“My monkey and my giraffe are sick,” my daughter told me earnestly, her big blue eyes looking up into mine.
I’d just explained to her that we would be attending the annual Michigan State University (MSU) Teddy Bear Picnic. She’d have to choose one of her many stuffed animal friends to join us.
Designed to help kids overcome fears they might have about doctors, nurses and emergency first responders, the afternoon event features the Blue Cross Blue Shield of Michigan Teddy Bear Hospital. Staffed by faculty and students from MSU’s College of Human Medicine, children are invited to take their furry friends for a checkup, complete with weigh-in and measurements, x-rays and a flu shot. There are also physical activities for young attendees, an ambulance to explore, healthy snacks and kid-friendly entertainment.
Just as kids don’t always understand that medical professionals are there to help, three-year-olds sometimes have a loose grasp on the meaning of one. Or, at least mine does. Or, she knows fully well and is adept at getting her way. Did I mention those big blue eyes? Regardless, Giraffe and Monkey held positions of honor on her lap as we journeyed to East Lansing.
After checking our “patients” in, the afternoon passed quickly as we went from stop to stop. After an extended stay at a temporary tattoo and face painting station, we were soon loaded up with fun giveaway items, including a coloring book and mock insurance cards.
I asked her if she ever gets scared or nervous when we go to the doctor.
“When I went to the doctor, I was pretty scared,” she said. “Laying down made me cry.”
A little more probing revealed a specific experience for her. Treated for hip dysplasia as a baby, subsequent x-rays as a toddler to ensure everything is developing properly have been a source of tears, despite having mom or dad in the room. I hope reminding her about how brave Monkey and Giraffe were when they had to have x-rays will be a comfort the next time she has to get up on that table.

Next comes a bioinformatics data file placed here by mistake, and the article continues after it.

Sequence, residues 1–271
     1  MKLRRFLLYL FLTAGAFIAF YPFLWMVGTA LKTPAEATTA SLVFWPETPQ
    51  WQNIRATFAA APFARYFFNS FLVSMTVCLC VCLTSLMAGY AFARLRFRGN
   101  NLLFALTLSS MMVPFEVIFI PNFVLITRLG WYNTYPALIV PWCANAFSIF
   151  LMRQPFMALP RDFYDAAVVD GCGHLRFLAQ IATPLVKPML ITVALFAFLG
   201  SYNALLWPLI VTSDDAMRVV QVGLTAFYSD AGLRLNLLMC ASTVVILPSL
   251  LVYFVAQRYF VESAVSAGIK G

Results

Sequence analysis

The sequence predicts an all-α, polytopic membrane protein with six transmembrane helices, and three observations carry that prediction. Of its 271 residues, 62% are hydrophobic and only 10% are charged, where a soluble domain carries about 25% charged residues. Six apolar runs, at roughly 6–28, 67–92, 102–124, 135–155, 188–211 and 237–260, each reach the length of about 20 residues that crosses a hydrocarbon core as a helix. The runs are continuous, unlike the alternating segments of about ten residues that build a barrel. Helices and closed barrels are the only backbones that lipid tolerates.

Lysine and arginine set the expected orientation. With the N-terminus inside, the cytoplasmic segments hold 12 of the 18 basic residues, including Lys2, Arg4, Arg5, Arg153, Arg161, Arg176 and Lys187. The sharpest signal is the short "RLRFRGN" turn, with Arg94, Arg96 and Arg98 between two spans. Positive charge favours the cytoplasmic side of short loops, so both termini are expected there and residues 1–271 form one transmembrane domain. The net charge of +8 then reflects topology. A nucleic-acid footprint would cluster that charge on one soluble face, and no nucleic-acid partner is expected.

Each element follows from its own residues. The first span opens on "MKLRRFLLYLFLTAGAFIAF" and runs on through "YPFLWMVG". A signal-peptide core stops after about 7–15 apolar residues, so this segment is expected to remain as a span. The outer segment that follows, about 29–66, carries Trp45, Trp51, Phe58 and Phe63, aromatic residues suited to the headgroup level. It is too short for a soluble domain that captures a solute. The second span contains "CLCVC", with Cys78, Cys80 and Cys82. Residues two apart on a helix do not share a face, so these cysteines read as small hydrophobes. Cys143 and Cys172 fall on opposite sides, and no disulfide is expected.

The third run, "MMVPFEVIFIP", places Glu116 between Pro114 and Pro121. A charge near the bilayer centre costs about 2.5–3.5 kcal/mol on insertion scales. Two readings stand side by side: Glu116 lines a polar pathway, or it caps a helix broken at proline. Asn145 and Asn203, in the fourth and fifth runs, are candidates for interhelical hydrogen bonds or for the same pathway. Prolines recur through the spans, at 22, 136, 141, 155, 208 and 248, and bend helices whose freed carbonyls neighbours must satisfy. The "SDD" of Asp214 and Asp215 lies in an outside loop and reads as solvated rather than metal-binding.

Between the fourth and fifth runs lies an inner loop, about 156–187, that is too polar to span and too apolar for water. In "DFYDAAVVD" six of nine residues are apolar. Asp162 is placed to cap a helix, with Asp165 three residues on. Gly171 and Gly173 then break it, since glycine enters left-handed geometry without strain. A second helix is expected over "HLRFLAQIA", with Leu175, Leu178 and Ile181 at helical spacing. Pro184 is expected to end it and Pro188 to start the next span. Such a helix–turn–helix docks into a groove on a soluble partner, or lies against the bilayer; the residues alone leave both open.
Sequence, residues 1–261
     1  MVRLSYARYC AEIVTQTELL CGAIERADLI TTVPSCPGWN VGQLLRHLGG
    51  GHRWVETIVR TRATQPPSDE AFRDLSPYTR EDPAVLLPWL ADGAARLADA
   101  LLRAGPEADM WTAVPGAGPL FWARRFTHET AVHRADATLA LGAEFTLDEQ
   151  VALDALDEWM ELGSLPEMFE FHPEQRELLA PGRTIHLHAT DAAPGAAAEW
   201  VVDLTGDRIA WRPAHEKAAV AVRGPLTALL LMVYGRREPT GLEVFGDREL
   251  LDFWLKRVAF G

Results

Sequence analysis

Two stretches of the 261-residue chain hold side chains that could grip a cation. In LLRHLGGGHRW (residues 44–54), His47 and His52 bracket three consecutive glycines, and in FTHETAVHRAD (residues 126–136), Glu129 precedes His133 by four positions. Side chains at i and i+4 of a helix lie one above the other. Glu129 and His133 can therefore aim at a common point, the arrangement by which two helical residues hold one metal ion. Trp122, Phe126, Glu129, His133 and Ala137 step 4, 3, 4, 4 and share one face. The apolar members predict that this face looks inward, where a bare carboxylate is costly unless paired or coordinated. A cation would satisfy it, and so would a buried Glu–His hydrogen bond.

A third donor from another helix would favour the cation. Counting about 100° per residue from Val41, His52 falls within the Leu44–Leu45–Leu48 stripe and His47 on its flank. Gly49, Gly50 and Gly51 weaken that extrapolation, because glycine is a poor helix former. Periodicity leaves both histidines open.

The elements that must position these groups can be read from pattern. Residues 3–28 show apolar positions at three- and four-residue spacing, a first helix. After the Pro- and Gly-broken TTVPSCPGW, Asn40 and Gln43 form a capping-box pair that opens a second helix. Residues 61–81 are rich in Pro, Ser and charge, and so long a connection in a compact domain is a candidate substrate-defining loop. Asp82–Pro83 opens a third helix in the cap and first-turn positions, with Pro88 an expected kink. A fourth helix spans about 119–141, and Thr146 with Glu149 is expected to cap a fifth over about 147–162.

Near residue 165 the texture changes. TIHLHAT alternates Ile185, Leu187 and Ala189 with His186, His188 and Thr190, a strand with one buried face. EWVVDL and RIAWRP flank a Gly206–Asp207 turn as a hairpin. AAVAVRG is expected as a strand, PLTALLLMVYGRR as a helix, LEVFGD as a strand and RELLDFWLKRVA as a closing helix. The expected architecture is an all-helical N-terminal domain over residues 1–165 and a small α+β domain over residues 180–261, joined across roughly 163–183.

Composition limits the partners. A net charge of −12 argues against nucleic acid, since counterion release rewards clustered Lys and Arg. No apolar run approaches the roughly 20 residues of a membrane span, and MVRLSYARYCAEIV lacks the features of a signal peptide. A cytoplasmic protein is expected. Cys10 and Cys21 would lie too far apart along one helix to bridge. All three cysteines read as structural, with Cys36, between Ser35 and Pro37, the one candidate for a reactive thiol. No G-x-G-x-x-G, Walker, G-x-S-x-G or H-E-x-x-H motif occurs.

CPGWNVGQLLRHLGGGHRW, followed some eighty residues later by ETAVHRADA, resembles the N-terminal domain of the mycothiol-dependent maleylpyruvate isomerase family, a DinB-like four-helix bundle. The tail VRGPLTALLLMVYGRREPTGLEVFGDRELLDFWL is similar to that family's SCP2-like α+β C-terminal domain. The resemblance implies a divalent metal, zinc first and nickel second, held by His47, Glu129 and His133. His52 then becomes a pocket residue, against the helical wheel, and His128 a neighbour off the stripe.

Dr. Keith English is chair of MSU’s Department of Pediatrics and Human Development at the College of Human Medicine. He advises parents to be truthful with their kids before going to the doctor. If they’ll be getting a shot, tell them and be honest if they ask whether it will hurt. Preparing them for what will come next makes the experience more tolerable for everyone involved.
He said the Teddy Bear Hospital is a great way for kids to get comfortable with medical personnel and for medical students to get comfortable with kids.
“It’s just a wonderful event that’s designed to reach out to the community and also to help children maybe be a little more comfortable when they need to go to the doctor,” he said. “It is good for both the students and the patients.”
“I loved it a lot,” my daughter said when I asked her about the picnic and hospital a few days after the event. “They (Monkey and Giraffe) got better.”
Her favorite part?
“I loved the balloons,” she said, bouncing away to swat at one of the green, helium-filled keepsakes from an afternoon well spent.
This post is part of a storytelling series we call, “Beyond the Card.” These stories will feature Blue Cross Blue Shield of Michigan members, employees, and communities who are making meaningful differences throughout our state.
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